I do have some misgivings about this compilation, but it is an important document of a little-remembered song. The target audience is probably not very large, but those who like murder ballads or classic recordings will find a lot to like here.

Grade: B-

Fight Club (Book Review)

Fight Club cover

Fight Club

After reading Noise, I really wanted to try Fight Club. Both stories are nominally wish fulfillment tales about violent young men, but neither actually intends for you to root for them all the way through. Strangely, even though Fight Club is one of the best movies of the last generation, I’d never read the book. It was interesting to read something that was so familiar in some ways (almost all of the voice-overs and speeches are lifted verbatim from the novel), but new in others. I haven’t had an experience like this since I read the novel version of One Flew Over The Cuckoo’s Nest more than a decade ago. But where the Cuckoo’s Nest book immediately supplanted the movie for me, the movie version of Fight Club is still definitely my favorite. There is little if anything of import in the book that the movie didn’t also cover, and the prose never put me there in the same visceral way that the movie did. (In contrast, the text in Cuckoo’s Nest offered much that the movie was missing, and its incredible prose was even better than the movie’s acting.)

That’s not to say that the book wasn’t still good. With most of the movie’s text and plot coming from it, how could it not be?

From this point on, there are spoilers for the story.

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Woven Bones – In And Out And Back Again (Music Review)

In And Out And Back Again cover

Woven Bones - In And Out And Back Again

Woven Bones have a strong ear for catchy pop hooks, but they bury these under layers of droning guitar and fuzzed-out garage vocals. The small fraction of pop aficionados who will appreciate that combination will find In And Out And Back Again enjoyable and light. That grainy, minimalistic bubble gum picture on the cover is accurate.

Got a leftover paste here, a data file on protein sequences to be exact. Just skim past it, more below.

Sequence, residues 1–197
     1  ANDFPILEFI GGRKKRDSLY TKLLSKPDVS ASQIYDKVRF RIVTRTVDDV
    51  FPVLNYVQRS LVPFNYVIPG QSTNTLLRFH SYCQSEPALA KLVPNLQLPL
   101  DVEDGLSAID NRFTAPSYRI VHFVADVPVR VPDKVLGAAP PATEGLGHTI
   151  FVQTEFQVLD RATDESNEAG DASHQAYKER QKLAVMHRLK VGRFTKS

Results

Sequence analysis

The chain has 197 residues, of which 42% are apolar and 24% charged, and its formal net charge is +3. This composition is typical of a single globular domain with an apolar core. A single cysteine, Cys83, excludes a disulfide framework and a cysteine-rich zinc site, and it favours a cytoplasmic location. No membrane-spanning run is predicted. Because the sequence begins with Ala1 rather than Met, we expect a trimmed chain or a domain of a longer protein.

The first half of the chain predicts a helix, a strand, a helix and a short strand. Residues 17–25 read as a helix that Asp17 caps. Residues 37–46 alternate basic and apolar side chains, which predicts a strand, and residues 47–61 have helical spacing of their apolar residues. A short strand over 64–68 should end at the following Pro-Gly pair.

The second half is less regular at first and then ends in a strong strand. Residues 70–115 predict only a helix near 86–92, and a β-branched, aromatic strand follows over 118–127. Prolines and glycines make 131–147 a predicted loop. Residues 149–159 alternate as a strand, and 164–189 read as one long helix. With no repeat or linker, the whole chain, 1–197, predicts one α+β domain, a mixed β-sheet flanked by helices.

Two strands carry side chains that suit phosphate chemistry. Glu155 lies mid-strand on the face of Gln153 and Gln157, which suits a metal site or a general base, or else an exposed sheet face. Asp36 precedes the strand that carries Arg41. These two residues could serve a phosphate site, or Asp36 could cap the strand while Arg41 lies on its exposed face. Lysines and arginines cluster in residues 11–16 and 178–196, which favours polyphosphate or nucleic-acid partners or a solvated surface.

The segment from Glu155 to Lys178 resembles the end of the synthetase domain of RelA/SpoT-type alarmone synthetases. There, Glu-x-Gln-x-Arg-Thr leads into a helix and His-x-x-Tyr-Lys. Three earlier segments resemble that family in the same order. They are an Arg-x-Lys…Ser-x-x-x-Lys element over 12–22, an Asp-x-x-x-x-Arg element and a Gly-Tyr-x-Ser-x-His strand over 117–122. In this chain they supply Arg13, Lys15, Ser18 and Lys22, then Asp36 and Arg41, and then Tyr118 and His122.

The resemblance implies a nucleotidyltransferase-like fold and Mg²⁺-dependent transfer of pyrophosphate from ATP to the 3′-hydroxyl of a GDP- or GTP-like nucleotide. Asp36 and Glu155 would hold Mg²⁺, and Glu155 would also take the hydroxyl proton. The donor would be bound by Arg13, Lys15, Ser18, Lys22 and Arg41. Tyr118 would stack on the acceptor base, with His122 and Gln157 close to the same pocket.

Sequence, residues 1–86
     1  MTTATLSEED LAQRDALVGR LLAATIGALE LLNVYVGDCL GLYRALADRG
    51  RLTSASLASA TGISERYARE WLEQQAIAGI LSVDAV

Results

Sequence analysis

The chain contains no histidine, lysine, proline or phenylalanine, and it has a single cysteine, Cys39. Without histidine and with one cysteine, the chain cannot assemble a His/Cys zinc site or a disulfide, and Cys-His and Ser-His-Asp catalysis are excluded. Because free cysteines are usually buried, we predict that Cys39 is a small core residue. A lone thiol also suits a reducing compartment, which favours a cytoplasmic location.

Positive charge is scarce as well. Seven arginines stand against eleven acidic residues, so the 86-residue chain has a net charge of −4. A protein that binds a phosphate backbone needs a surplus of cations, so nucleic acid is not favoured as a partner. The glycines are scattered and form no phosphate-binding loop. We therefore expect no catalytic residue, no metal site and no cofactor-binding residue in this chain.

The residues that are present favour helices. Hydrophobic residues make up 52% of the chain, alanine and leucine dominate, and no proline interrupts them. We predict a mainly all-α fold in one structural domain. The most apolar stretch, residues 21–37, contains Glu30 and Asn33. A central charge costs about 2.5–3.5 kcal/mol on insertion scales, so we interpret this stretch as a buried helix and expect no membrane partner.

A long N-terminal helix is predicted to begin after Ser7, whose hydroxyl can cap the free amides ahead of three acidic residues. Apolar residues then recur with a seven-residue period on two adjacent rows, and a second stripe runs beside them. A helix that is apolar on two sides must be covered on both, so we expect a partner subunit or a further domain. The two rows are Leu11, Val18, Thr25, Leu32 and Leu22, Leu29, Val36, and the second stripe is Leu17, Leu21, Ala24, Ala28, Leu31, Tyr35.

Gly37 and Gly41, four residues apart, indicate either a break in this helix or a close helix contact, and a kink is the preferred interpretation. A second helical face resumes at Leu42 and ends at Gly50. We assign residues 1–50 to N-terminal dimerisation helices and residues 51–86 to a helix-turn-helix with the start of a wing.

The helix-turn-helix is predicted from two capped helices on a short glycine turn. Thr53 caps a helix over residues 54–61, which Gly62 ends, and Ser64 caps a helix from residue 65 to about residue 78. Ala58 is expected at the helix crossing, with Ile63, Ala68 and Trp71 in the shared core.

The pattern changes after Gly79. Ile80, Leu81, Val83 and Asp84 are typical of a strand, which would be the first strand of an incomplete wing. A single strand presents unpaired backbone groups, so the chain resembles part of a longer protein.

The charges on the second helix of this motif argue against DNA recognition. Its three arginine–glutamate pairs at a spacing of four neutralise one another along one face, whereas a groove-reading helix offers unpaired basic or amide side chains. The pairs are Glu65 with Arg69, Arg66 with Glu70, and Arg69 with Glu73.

Despite the sloppy garage sound, Woven Bones are a tightly knit outfit. Not a beat is out of place, and the confident vocal snarl maintains a constant forward momentum. In And Out demonstrates that Woven Bones has already crafted a more distinctive sound than most bands ever achieve.

This “Woven Bones sound” is both a blessing and a curse. The songs are consistently good, without a single bad moment, but neither does any track work as an obvious standout. And though there is definite variety from track to track (check out the hooky “Your Way With My Life” followed immediately by slow, sinister “Creepy Bone”), it would wear out its welcome if it went past the album’s short 26 minutes. However, it is to the album’s credit that it doesn’t even feel like 26 minutes. It flies by with a constant succession of earworms, and no breaks at which the listener might notice the passage of time. Album-closer “Blind Conscience” does take a minute too long to fade out, but it isn’t until this wind-down that anyone would check their watch.

From what little I can find online, it looks like Woven Bones have released a series of under-the-radar EPs along with this (barely) full-length. I don’t see them breaking through to popular appeal any time soon, but I fully expect them to gain new devoted fans with each release. Their enthusiastic, high-energy twist on a slacker sound remains compelling even after the newness has worn off.

Grade: B